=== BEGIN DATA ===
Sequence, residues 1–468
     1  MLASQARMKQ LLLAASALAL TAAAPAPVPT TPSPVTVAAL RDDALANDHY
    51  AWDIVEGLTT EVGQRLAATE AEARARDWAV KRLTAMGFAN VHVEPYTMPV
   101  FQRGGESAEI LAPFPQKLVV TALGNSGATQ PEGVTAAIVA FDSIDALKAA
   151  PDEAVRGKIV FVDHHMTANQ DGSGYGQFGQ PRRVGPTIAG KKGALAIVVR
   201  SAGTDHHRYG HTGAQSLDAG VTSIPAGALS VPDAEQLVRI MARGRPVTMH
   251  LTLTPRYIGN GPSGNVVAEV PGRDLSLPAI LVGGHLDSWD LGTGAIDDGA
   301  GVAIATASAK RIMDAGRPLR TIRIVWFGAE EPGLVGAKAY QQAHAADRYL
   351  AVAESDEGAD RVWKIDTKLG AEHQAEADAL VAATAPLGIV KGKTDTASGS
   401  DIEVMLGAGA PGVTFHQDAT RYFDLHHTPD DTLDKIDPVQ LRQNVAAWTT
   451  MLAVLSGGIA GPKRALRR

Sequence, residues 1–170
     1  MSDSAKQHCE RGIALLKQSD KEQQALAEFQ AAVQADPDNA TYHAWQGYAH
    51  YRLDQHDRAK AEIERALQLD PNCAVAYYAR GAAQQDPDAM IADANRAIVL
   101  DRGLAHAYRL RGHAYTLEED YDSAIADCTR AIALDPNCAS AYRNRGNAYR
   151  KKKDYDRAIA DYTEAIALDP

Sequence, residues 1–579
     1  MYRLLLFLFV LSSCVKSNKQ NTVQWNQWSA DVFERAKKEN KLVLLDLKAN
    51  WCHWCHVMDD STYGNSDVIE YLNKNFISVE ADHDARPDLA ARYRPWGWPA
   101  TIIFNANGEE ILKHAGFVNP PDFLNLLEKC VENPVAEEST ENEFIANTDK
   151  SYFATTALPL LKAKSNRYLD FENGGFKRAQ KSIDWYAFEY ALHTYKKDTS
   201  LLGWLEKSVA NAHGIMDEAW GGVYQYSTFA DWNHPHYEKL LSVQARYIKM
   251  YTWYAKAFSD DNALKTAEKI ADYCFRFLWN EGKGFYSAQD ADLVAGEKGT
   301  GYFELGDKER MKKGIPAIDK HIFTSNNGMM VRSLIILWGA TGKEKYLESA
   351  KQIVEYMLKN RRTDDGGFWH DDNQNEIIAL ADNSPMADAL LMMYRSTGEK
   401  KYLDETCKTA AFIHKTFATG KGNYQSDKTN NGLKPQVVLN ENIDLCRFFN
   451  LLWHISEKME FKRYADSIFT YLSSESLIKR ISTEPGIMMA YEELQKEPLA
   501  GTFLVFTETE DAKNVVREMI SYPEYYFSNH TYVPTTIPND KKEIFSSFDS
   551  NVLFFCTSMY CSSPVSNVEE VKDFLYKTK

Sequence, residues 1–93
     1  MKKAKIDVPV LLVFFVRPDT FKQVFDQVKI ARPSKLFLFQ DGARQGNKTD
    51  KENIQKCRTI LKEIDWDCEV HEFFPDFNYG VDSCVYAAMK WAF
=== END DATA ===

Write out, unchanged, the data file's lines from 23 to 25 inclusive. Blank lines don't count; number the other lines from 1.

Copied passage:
   251  YTWYAKAFSD DNALKTAEKI ADYCFRFLWN EGKGFYSAQD ADLVAGEKGT
   301  GYFELGDKER MKKGIPAIDK HIFTSNNGMM VRSLIILWGA TGKEKYLESA
   351  KQIVEYMLKN RRTDDGGFWH DDNQNEIIAL ADNSPMADAL LMMYRSTGEK